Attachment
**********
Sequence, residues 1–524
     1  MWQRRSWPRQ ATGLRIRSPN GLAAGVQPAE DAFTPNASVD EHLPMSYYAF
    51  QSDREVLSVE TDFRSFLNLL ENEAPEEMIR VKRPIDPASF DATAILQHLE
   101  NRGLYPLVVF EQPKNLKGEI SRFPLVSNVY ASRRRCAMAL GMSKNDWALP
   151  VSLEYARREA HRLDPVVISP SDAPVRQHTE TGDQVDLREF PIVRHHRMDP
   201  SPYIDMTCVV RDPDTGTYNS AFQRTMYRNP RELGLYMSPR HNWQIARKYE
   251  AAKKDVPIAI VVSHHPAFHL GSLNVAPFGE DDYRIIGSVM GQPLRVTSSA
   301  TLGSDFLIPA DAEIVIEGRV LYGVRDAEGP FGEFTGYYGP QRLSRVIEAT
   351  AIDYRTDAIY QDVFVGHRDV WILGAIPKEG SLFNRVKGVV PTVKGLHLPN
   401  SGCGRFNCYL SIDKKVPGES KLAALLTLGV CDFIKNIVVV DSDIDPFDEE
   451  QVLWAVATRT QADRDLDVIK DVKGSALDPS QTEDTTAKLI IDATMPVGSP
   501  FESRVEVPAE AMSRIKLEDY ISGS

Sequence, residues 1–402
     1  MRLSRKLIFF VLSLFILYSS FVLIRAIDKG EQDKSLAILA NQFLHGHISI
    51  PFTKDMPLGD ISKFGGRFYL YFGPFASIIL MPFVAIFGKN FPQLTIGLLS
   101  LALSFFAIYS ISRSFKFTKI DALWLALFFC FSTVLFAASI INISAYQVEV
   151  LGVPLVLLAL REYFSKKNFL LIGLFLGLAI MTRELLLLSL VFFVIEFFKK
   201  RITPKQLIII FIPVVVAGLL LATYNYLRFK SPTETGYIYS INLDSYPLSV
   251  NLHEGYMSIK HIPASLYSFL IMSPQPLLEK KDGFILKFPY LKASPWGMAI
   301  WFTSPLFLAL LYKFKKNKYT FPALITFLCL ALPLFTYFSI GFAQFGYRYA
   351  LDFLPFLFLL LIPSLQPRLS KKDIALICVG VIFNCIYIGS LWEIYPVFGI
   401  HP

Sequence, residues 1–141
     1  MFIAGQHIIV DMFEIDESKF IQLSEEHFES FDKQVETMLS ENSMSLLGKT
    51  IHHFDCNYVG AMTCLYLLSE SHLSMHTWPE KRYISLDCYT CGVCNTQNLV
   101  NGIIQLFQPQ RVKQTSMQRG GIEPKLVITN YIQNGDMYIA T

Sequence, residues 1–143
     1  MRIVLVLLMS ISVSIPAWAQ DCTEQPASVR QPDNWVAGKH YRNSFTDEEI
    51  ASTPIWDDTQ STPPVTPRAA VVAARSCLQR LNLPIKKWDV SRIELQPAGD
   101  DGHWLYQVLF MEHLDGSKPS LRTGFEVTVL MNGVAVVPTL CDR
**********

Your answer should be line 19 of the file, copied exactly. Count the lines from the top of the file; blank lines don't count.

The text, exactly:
   251  NLHEGYMSIK HIPASLYSFL IMSPQPLLEK KDGFILKFPY LKASPWGMAI